It’s no wonder then that people in the world of 35mm film photography think buying and owning a Leica must be an expensive enterprise. I’m here to tell you that it doesn’t have to be. In fact, for the price of new budget DSLR I put together a beautiful Leica kit from scratch using little more than some eBay skills, one visit to two of my local camera shops, and a little guile. Now, a budget kit like this won’t make you as good of a photographer (or guitar player) as Lenny Kravitz, but it won’t break the bank either. It might also keep you from becoming a douchebag.

But enough trashing on a once great brand, let’s learn more about my metal hunk of German awesome.

The Camera

The camera is a Leica M3 Double Stroke. The classic M. Likely the pinnacle of camera making from an era where people still made things by hand and crafted them to last. And since this particular M3 was made in 1953, it already character in spades. No need for faux-brassing. Fuck you, Kravitz!

I’ve owned other M bodies in the past and I can safely say that the M3 is far and away my favorite. The finder is simple, with big bright 50mm framelines and a .92 viewfinder magnification, which means you’re seeing things virtually just as they are in front of you. The rangefinder patch is large and contrasty, making focusing an absolute breeze. And then there’s the feel and balance of the thing; everything feels rock solid in your hands, like it was meant to be there. What about the film advance, you might ask. Well, the film advance is so buttery smooth it will make you sick from its buttery richness. IT’S THAT BUTTERY.

Oh, and don’t let anyone tell you otherwise, the M3 is a sexy, sexy camera. It’s all simple lines and inviting curves. It’s a masterpiece that I don’t think a single camera maker has ever bested.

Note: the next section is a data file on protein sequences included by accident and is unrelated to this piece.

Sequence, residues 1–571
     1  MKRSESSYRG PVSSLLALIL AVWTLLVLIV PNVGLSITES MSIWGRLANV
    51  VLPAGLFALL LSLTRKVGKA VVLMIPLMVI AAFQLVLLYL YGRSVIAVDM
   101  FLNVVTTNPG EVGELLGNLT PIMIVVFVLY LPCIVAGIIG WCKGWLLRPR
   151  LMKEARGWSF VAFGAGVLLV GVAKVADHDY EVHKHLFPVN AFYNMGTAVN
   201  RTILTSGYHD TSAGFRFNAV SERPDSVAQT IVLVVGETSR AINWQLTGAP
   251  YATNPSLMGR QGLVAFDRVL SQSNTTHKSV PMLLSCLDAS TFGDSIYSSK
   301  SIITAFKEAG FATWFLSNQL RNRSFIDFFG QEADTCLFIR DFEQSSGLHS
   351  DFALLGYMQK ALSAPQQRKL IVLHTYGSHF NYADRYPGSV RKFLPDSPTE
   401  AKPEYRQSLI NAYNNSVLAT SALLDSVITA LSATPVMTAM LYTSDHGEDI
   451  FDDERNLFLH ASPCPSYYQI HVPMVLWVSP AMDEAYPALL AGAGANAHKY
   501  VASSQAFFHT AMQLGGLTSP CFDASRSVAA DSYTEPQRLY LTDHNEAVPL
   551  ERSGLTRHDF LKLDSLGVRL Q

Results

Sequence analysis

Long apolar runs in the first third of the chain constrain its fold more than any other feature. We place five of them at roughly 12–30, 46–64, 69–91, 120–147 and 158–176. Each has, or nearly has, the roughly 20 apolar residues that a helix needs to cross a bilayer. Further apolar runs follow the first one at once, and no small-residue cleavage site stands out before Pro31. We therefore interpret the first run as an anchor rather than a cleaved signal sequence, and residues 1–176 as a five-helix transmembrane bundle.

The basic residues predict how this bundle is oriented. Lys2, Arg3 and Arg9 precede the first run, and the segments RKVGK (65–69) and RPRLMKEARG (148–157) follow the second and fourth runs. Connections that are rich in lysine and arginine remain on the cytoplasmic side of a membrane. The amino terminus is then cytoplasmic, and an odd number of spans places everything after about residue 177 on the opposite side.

The Lenses

Nikon Nikkor-HC 50mm f/2 LTM

I knew going into this project to build a Leica kit on the cheap, that there were going to have to be compromises. Leica lenses are some of the finest 35mm lenses out there, but they don’t come cheap. I knew I wanted my 50mm lens to be fast enough to shoot indoors, so a maximum aperture of f/2 was a requirement. I took to eBay to find a suitable Leica Summicron, hoping that I could find a killer deal. I looked and looked, but Summicrons just weren’t popping up in the price range I was looking for.

And then on one fateful day, it happened. Trips to two local camera shops and two sightings of a lens I had previous heard nothing about. A Leica Thread Mount lens, made by Nikon quite early on in its existence that fit my requirements. It was hefty, the focus throw was smooth, and my god, both copies of the lens under $200. Now we were talking. But was it going to be any good?

After hopping online to do some research what I found was that what I may have discovered a diamond in the rough. People online raved about the lens, arguing that it matched and even exceeded virtually all of Leica’s early 50mm offerings. I immediately jumped on the cheaper of the two copies and haven’t looked back since.